HBO typically pitches its content on Monday and Wednesday of each week, with Cinemax reserved for Tuesday and Thursday. Currently HBO is pitching 150 programs from HBO and 50 programs from Cinemax per month. On the off days, HBO pitches library content to newly launched SVOD systems

Showtime has bought two pitchers from N2Broadband and sports two terabytes of online content-storage capacity at its headquarters. It distributes SVOD content directly to N2 catchers inside cable systems and also to CVC, which retransmits content to cable systems, such as Time Warner Cable.

Pitcher/catcher upgrades also involve metadata. Cable Television Laboratories Inc. adopted the metadata 1.0 specification earlier this year. It was based on a Time Warner 1.3 VOD standard the MSO adopted last year to get VOD off the ground in its system.

In TVN's case, Showtime presently ships digital loop tapes, but will switch to satellite delivery, Occhuito said. Occhuito said the network's been sending content to TVN via tape because "they didn't have the capability to take a 1.0 metadata feed via satellite."

"We needed to supply them a 1.3 package," he said. "They are changing over to a 1.0 package acceptance and we'll starting pitching to them."

That will require TVN to install an N2 catcher to receive Showtime's satellite SVOD content, he said.

If it sounds like extra work and cost in some cases, the programmers don't disagree.

"There should be a universal platform they should work on," Occhuito said. "We try to steer everyone into an agnostic format."

In Demand pitches its content from one N2 pitcher to more than 70 catchers in cable affiliates across the country. In Demand transmits 225 hours of new content each month, ranging from hit movie product to basic network VOD content. It was the first network to deliver VOD content via satellite in July 2001.

Content is shipped throughout each weekday.

"We like to spread it out," said John Vartanian, In Demand senior vice president of technology and operations. "Operationally, it's easier."

But for new VOD launches — in which servers are filled from scratch — it can take a month to pitch an entire VOD library.

Metadata

Programmers have adopted the 1.0 metadata specification sheet that CableLabs adopted six months ago.

"We're compliant," said Starz's Beyler. "We author the metadata here and extract it from the business systems."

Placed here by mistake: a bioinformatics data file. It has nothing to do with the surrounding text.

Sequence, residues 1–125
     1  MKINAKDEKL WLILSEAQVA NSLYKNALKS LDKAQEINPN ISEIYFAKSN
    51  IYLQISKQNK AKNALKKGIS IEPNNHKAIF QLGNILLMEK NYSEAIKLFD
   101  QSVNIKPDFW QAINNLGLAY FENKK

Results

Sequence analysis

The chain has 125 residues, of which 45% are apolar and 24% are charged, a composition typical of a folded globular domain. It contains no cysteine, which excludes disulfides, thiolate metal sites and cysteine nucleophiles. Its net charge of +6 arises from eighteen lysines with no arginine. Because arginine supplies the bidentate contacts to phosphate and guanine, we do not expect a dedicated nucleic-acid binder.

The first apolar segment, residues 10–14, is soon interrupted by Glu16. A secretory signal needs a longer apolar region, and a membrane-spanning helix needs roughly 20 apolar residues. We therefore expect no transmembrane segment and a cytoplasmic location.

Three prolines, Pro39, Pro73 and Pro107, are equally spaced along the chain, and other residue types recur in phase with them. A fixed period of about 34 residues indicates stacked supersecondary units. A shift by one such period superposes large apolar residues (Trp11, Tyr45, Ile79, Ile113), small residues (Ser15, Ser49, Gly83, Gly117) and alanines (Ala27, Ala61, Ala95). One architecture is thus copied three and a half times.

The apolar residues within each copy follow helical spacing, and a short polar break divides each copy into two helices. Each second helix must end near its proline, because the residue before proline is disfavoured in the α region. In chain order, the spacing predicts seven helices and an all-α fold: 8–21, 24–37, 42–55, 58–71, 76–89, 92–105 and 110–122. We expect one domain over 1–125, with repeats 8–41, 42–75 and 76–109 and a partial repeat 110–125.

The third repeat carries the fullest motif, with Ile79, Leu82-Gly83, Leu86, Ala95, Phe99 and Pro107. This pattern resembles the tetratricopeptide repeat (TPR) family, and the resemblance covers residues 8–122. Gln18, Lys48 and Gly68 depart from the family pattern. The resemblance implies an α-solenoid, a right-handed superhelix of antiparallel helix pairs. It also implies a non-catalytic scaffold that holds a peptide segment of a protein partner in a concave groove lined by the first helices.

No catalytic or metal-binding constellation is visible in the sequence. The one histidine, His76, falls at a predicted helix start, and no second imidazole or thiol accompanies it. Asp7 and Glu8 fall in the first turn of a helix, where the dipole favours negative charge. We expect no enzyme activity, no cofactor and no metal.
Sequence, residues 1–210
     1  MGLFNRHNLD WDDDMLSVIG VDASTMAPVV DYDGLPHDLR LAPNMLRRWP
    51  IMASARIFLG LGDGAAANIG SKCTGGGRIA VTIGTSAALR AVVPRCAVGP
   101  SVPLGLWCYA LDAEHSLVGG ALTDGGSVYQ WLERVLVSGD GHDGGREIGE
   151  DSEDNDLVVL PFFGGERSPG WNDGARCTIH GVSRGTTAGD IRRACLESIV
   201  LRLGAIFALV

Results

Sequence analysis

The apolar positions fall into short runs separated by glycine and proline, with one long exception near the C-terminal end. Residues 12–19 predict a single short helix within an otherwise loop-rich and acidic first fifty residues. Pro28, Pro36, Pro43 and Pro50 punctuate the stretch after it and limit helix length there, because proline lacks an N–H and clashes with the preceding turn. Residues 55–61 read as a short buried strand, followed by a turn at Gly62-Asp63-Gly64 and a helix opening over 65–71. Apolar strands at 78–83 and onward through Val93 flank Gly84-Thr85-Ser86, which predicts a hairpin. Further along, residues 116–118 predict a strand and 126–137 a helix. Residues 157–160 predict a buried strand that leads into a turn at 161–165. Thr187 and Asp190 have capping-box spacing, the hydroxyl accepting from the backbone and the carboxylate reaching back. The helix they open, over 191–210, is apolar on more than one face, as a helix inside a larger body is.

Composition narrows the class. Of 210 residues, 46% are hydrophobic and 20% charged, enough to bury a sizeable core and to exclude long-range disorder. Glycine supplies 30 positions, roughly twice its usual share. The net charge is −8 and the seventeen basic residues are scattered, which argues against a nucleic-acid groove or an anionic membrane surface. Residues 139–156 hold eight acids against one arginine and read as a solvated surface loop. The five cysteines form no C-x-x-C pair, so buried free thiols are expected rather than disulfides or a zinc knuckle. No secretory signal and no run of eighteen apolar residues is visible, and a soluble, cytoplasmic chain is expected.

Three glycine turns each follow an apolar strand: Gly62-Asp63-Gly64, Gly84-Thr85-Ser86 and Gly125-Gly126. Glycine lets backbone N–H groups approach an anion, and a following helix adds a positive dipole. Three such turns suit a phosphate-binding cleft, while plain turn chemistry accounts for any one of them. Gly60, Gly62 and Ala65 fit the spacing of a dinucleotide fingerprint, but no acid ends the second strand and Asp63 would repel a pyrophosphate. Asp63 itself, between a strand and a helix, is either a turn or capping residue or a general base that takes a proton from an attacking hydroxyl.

Metadata typically includes the title, year, offering window, actors and the film's synopsis. Some of is meant for subscriber consumption, while other information — such as how long a piece of content can stay on the server, or what category the film should be assigned to (such as comedy or action) — is for internal purposes.

One problem is that all VOD vendors in the platform chain have to make sure their equipment and software can meet and integrate with the 1.0 metadata specification.

"If the application layer that displays the metadata isn't consistent with the standard," then problems arise, Occhutio said.

Showtime, for instance, has subcategories under its series menu in SVOD, so subscribers can see both Soul Food
and per-program Soul Food
titles.

On the movie side, Showtime lists its movies in en masse, and doesn't use subcategories like comedy or action. But not all VOD applications can handle Showtime's setup, Occhuito said. "We're trying to maintain a consistent service across all platforms," he said. "It's important for the program providers to work directly with the cable operators to understand what kinds of problems they have.

"We're touching the set-top box. We have to know how the applications work."

Added HBO's Zitter: "Metadata has been going up the learning curve. It's been through the standardization process, but been hindered during the last year with spotty compliance by different vendors in the food chain."

Zitter said he hopes the MSO lab testing "is really going to minimize then problems seen by consumers."

"This has our brand name on it," he said. "Consumers have an expectation of HBO's brand at a level of quality and reliability, and if anyone sells for incremental cost something that has less quality on the technical side than the linear side, then they're kidding themselves."

CableLabs is working on a successor to metadata specfication 1.0, said In Demand's Vartanian. The new iteration would allow for updates of metadata, immediate content deletion and some video promotions.

For instance, if a programmer today decides to extend the VOD window on a piece of content, it must be resent with the correct metadata included. With the 1.1 spec, information can be sent via satellite to the server to change window information on a piece of content with no need to reship the actual program, Vartanian said.

A 2.0 spec also is on the horizon. "We're looking at the possibility of revising the encoding specification to handle content at lower or higher bit rates [which 2.0 would cover]," Vartanian said.

Beyler said Starz is looking at adding new features like Dolby Corp. digital sound to its SVOD service, as well as a secondary audio tracks, alternate image formats and wide-screen versions.

It's clear VOD has put some new wrinkles in the operator-programmer relationship.

"From the operations end of it, this is a different animal — the physical work flow of managing nonlinear assets," Occhuito said. "How it is going to live in a cable system, as a tangible asset, changes the way you think.

"Security comes into play. How do we take a program list and convert that into disk space we're using on a server? How do we manage that disk space and make our content available?"

Those are all questions with which MSOs and programmers continue to wrestle.